Nearly two-thirds (70%) of employees who suffer with depression at work said they don’t feel supported by their employees, according to new research out of the UK.

The research, published by jobsite CV Library in tandem with “Blue Monday,” dubbed the most depressing day of the year, also found that 73% of employees who suffer with depression said there is a negative stigma about depression in the workplace.

Another two-thirds (74%) of respondents said they wouldn’t feel comfortable talking to their manager about their issues, and 64% said they wouldn’t give depression at the reason for calling in sick.

Read: Employee mental health concerns on the rise

According to CV Library’s research, the top solutions to support employees with depression are:

1. Flexible working opportunities (23%)
2. More support from management (21%)
3. Affirmation of job security (13%)
4. Reduced workloads (9%)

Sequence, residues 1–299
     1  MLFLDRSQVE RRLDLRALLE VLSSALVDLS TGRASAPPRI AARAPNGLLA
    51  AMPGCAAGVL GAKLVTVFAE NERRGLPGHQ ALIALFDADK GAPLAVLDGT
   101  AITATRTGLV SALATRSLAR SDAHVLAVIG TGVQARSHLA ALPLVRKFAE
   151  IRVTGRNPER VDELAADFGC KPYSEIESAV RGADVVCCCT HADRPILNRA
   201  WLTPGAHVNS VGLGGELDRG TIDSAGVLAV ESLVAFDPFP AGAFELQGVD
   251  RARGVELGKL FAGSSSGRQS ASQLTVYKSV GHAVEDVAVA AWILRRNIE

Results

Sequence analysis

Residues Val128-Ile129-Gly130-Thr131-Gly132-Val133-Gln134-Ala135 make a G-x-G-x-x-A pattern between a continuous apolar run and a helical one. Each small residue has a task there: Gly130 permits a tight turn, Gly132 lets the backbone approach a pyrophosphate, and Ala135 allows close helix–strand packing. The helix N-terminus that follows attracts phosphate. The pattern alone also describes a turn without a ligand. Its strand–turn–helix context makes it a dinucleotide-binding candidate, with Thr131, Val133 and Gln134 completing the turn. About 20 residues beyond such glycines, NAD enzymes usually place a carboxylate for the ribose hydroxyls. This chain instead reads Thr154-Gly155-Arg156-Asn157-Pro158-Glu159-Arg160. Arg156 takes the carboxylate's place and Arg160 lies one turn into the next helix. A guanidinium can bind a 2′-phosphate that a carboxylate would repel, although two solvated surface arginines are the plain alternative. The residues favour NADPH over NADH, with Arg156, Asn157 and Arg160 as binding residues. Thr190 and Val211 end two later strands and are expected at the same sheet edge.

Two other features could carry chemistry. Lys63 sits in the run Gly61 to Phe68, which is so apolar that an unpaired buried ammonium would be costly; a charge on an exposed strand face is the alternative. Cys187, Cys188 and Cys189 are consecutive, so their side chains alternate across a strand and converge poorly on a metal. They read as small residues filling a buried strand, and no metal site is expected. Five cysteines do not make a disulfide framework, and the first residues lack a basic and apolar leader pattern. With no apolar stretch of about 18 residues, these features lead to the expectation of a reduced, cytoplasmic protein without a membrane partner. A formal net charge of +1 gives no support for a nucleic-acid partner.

5. Access to counselling services (9%)

“A huge proportion of the nation’s professionals are suffering with mental health issues, and it’s concerning to see that attitudes aren’t changing as quickly as they should be,” said Lee Biggins, founder and managing director of CV Library.

“What’s more disheartening is the negative stigma attached to depression. This, combined with the prejudices that workers are facing, prevent employees from being honest with their managers.

“Those with depression often feel marginalised and judged, and it’s worrying that this attitude is still prevalent in the workplace. For the UK’s mental health issues to be properly addressed, and for workers with depression to get the support they need, these beliefs need to change for good.”

Read: Support the mental health of Millennials in the workplace

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